I was never particularly good at sports that required speed at school but I found that I could outlast anyone because I had staying power and that ability to just keep going has definitely helped me get to where I am today. There were many times that I was not sure this industry was for me or later, that my dream of Documinute being a vehicle with which to pass the mic to people who would not otherwise have a chanced to tell their own story would ever become reality. However, I just kept going because in the end, what makes most things a success is as simple as just not giving up. I am also a firm believer in looking after my crew and team in the way I wish I had been mentored and looked out for when I was a junior in the industry. In doing so, I have found a core group of people I know I can rely on and who in turn, know they can rely on me, and this ha made a world of difference.
What kind of work do you love to do?
I just love any kind of work that allows me to share a human story, that allows for people to connect with emotive content and for others to hear and be heard. I am all about candid interactions and letting others tell us about their lived experiences. This kind of storytelling typically lives in the realm of documentaries and documentary style content, so that is where my heart lies.
How do you think the South African film industry can improve?
I think there needs to be a shift in mindset towards the fact that filmmaking is a ‘team sport’ and no one person is the solution. While I can do a lot in the industry, I cannot do it all at once and there are disciplines where there are definitely people who are a lot better and more talented than I am. Having an opportunity to work with those people makes the end result better than what I could ever imagine, so I know I need others to help me.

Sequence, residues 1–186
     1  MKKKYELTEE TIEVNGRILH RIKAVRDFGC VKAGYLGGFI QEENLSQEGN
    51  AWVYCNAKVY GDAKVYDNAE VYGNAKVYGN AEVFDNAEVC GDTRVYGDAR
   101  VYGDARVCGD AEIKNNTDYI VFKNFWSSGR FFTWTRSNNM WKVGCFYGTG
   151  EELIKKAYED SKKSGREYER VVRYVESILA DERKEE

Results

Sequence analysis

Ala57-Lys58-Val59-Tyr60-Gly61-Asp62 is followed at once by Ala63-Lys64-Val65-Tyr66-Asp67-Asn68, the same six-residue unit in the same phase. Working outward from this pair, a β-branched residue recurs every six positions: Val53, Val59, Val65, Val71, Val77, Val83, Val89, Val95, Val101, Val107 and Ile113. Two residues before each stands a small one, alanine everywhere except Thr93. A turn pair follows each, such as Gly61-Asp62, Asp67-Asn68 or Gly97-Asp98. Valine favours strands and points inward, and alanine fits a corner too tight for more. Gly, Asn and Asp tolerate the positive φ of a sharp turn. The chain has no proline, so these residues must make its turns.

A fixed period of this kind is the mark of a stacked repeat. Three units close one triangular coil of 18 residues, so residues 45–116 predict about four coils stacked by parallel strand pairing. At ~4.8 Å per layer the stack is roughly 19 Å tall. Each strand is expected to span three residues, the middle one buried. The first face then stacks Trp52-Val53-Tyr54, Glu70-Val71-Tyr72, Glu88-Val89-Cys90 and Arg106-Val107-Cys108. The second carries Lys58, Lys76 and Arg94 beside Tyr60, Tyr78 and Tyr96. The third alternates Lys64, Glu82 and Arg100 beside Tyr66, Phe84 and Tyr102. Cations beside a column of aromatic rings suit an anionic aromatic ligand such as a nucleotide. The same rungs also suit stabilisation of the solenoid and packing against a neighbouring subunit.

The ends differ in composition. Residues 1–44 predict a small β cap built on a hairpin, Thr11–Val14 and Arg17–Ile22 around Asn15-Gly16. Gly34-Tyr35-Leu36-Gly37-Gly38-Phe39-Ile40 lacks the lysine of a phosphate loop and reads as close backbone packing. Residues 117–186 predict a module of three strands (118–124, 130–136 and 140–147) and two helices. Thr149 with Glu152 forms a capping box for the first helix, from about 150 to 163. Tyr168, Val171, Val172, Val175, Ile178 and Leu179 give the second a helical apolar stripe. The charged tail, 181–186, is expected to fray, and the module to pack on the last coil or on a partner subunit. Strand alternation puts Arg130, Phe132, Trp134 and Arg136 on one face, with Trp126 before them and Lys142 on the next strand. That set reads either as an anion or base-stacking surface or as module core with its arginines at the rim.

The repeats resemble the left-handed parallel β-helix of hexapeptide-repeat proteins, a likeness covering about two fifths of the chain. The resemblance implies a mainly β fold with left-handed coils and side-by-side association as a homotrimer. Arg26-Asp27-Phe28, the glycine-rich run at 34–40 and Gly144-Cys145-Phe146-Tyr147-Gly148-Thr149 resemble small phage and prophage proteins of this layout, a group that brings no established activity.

I would like to see more mentorship programs – not just academically, but professionals should also be trying to pass on their knowledge where they can. And I’d love to see more of a shift towards making the people who make the films a bit more important than the films themselves as there is a culture of working people to the bone. A bit of mental health awareness amongst crew, starting at a tertiary level would go a long way to making careers within the industry more sustainable and the working environment and the overall experience a far happier and supportive one.
What drew you to start pitching and working with Filmer?
My friend and fellow producer, Alison Pope, pointed me in the direction of Filmer. I started using it, and will continue to do so, because I love the way it puts you into contact with the end client or agency. Often, if you are a small production company, it is very hard to get invited to pitch on jobs purely because people do not know your company and already have a list of suppliers they work with all the time. Breaking into that circle is very hard and I find that Filmer gives you an opportunity to pitch on what you want to work on and opens the floor to more ‘players’ to have a chance. I think long term this will be the beginning of many successful careers but also a shift in the types of work we are seeing out there as more people can bring their ideas to the table.
What advice would you give to young aspiring filmmakers?
- Done is better than perfect – if no one ever sees your film, does it even exist? You have to make a lot of bad stuff to learn how to make the good stuff.
- Don’t let gear hold you back – I was once hired to make a series of commercials on an iPhone. Use what you have. Borrow, hire, whatever – but do it!
- Don’t let anyone ever tell you that you can’t, or that you should stick to a certain discipline in the industry, or that your vision isn’t ‘right’. If you want to be a filmmaker, FILM YOUR FILM. You’ve got this! 🙂
To see Tam’s work, please go to: https://www.documinute.co.za/